Strengthening IFAD & ILC Collaboration On Land Tenure
During the past years, the collaboration between international organizations, NGOs, civil society and governments has led to substantial progress in improving the tenure security for rural populations.
By Jimmy Gaudin, Yonas Mekonen, Annalisa Mauro, Giulia Barbanente and Harold Liversage.
Aware of the added value that multi-stakeholder partnerships can generate, the Secretariat of the International Land Coalition (ILC) and the International Fund for Agricultural Development (IFAD) are enhancing their efforts to deliver effective policies and programmes for more sustainable impacts where needed the most.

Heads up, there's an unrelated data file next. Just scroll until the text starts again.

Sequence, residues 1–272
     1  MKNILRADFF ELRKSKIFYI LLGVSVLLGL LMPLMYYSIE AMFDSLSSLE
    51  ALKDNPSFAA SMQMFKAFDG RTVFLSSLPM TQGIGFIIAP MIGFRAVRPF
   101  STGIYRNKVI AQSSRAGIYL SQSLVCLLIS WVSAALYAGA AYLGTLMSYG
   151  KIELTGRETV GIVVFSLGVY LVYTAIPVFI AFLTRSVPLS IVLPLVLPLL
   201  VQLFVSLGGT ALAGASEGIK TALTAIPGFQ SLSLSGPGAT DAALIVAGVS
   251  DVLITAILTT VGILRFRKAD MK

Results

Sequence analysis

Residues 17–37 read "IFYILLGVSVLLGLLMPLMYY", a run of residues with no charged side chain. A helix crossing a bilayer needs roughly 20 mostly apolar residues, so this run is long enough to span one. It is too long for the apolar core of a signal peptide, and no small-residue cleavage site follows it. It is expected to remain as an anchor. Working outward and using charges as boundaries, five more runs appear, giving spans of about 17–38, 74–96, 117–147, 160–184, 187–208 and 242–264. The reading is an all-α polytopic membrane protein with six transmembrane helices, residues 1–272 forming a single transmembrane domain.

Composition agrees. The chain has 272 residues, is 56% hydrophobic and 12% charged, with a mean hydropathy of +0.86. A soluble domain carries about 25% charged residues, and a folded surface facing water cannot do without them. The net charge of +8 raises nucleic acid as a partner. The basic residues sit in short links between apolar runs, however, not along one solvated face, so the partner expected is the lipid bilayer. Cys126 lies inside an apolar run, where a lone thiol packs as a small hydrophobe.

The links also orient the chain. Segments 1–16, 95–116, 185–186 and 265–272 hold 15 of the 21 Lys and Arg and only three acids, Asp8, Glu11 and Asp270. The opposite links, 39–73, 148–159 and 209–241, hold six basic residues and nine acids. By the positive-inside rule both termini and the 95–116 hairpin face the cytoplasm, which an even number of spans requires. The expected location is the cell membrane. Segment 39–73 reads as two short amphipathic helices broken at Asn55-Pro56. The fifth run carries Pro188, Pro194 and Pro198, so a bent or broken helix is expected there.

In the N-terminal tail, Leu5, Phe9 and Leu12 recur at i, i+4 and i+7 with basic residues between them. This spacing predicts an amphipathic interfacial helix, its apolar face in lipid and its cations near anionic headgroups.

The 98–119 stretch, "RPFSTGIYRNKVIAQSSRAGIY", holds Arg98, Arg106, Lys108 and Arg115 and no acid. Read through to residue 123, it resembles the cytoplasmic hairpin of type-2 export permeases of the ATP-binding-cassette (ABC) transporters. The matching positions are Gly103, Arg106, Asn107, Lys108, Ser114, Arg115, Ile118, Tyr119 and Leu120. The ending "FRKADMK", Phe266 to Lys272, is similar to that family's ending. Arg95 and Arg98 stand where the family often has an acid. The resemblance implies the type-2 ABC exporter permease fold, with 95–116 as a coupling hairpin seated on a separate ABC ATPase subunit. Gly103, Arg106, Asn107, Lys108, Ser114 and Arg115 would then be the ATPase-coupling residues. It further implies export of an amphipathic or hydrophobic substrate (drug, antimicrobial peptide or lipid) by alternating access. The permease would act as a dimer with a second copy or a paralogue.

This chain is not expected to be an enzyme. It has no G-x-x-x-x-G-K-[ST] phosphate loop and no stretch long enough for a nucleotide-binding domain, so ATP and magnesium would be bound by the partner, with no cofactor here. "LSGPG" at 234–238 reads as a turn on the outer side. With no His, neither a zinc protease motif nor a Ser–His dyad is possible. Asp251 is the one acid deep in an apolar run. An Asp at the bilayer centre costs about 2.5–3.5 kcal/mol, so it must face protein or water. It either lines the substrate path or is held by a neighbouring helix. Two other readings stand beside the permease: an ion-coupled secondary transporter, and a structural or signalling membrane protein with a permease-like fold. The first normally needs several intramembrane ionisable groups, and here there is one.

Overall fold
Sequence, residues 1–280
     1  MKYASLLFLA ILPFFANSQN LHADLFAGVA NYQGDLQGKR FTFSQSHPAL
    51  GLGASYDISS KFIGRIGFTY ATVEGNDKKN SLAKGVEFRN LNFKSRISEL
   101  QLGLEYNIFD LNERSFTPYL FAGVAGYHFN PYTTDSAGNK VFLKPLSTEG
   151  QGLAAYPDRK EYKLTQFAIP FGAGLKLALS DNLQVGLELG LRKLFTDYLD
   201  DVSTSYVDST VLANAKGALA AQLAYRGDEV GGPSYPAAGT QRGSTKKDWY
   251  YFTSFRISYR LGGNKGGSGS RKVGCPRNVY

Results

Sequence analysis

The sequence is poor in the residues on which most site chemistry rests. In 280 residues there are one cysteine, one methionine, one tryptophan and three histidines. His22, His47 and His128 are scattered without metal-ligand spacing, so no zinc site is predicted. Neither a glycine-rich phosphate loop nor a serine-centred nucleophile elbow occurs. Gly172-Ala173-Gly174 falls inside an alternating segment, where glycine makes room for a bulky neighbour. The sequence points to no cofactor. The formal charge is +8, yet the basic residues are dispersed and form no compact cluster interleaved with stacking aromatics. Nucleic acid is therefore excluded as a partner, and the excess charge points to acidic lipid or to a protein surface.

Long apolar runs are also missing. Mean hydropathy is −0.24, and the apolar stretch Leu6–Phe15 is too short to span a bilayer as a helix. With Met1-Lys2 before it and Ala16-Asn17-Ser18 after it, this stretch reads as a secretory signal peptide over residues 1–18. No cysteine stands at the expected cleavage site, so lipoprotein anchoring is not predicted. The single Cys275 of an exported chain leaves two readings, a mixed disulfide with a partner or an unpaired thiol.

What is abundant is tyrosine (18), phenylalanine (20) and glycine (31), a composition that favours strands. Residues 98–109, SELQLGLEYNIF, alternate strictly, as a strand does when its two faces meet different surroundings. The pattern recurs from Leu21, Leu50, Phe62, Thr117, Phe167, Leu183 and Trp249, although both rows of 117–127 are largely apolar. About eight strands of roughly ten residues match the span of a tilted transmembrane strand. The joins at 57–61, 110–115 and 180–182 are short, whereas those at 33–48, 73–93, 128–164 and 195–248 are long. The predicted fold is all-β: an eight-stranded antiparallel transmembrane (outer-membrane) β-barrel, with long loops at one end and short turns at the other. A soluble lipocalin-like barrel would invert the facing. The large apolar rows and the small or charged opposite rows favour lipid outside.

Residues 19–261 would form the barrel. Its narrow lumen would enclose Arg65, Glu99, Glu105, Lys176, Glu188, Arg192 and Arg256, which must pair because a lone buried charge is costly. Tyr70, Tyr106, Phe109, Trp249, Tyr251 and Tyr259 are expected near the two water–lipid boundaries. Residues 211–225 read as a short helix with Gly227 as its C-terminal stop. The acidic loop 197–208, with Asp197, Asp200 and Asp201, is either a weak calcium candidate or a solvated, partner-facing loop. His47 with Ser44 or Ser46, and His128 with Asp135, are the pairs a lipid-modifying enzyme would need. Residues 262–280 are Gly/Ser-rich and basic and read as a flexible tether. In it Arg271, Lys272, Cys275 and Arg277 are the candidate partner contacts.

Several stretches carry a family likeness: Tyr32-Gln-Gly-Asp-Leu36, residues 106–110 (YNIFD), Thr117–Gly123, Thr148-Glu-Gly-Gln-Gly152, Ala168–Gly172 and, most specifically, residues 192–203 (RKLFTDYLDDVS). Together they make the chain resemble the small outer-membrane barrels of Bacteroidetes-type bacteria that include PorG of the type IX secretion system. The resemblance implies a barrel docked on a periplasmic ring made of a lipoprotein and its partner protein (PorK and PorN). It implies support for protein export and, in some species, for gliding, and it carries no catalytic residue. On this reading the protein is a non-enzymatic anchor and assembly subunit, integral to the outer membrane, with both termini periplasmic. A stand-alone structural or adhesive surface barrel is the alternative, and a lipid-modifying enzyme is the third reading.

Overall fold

Since the creation of the ILC in the mid 1990s, IFAD has been a member of the network and hosts its secretariat. IFAD and other ILC members and secretariat have partnered around various global, regional and country-level initiatives to promote inclusive land governance each demonstrating comparative advantages that can benefit each other's activities. For instance, ILC multi-stakeholder platforms and initiatives offer an opportunity for IFAD national policy engagement, and conversely ILC members to partake in IFAD's programmatic operations at country level. Hence, understanding the potential behind these comparative advantages and their complementarity is the first step to lay the ground for an enduring and fruitful collaboration.